In a way, one could excuse the shortcomings of the story as it’s clear that the developers wanted to focus more on the combat side of the game, but as said earlier that feels laborious, mostly due to the awkward combat control system (with Katarina who prefers long-range combat I had to keep running away so I could get enough distance between myself and the enemy so I could dole out any proper damage.) The controls aren’t logical, for example the Right Trigger is used for “Empowering” attacks rather than executing them which is slightly disconcerting. Attacking is the A button, while the Left Trigger is used to switch to a third defensive stance for blocking, dodging and using magic to regain health (the other buttons are used for special attacks.) Weirdly, you have to press the Right Bumper whilst standing on top of items to pick them up; why can’t you just walk over it like in most games? Annoying.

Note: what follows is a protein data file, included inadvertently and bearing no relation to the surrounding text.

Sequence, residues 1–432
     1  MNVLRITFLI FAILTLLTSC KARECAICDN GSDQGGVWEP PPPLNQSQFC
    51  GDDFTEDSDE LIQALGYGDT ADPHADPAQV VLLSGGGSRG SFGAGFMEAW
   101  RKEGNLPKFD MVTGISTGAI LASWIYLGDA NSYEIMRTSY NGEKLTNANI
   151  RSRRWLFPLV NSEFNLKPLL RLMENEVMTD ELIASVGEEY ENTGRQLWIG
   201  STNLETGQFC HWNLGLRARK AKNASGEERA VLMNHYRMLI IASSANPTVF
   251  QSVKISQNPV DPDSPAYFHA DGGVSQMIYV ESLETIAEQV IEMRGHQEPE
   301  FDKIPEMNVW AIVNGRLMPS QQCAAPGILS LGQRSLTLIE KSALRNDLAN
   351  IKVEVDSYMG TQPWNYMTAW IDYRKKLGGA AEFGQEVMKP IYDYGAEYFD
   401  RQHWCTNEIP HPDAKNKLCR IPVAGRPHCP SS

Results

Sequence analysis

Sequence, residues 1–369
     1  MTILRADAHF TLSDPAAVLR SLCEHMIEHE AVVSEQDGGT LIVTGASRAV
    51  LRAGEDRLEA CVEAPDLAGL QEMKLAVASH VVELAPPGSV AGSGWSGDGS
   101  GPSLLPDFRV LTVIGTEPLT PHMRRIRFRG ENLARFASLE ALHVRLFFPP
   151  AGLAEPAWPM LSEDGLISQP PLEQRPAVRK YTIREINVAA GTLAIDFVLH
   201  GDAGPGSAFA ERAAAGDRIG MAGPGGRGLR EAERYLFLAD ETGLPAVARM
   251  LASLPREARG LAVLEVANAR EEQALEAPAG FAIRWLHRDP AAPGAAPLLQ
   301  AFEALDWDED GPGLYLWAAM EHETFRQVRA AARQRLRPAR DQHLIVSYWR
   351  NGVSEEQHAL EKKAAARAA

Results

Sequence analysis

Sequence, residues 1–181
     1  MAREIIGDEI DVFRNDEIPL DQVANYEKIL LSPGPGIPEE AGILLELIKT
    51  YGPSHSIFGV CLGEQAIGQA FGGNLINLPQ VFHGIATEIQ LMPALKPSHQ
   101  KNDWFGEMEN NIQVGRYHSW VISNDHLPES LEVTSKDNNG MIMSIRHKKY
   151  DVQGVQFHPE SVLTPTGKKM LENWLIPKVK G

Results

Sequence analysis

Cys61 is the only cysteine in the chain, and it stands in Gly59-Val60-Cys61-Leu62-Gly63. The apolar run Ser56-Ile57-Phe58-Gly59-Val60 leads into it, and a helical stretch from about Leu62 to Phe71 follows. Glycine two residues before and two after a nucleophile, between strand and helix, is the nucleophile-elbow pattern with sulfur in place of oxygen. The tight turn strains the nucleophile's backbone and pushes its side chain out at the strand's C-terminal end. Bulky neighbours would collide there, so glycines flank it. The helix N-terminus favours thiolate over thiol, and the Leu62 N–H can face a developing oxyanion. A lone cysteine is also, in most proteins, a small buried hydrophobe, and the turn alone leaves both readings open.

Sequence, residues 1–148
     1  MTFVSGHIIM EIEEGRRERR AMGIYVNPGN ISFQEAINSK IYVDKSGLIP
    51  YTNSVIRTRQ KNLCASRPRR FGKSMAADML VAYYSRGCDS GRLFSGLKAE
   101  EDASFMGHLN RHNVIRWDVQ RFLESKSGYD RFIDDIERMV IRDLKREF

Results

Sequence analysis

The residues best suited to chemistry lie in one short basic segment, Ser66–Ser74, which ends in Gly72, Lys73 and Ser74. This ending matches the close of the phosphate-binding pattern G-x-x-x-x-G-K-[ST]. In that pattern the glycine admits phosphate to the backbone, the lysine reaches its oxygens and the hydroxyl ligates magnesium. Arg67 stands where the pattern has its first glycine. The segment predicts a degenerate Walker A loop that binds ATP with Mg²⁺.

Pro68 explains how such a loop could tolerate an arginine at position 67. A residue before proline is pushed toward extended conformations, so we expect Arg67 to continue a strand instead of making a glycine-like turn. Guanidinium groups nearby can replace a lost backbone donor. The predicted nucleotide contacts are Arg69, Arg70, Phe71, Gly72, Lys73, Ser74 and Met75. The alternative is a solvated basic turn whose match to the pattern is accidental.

It seems like this game is trying to be everything to everyone, from the variety of characters to the option to skip the story cut-scenes (something which makes the game more action-based rather than story-based to please the more impatient player, and I think this should be illegal in an RPG.) However, trying to cater to every gamer’s needs often results in a case of “jack of all trades, master of none,” which Dungeon Siege III suffers from – it’s passable, but I can’t help but think I could be playing a game that does all that this one does, but better… like Fable III, for instance.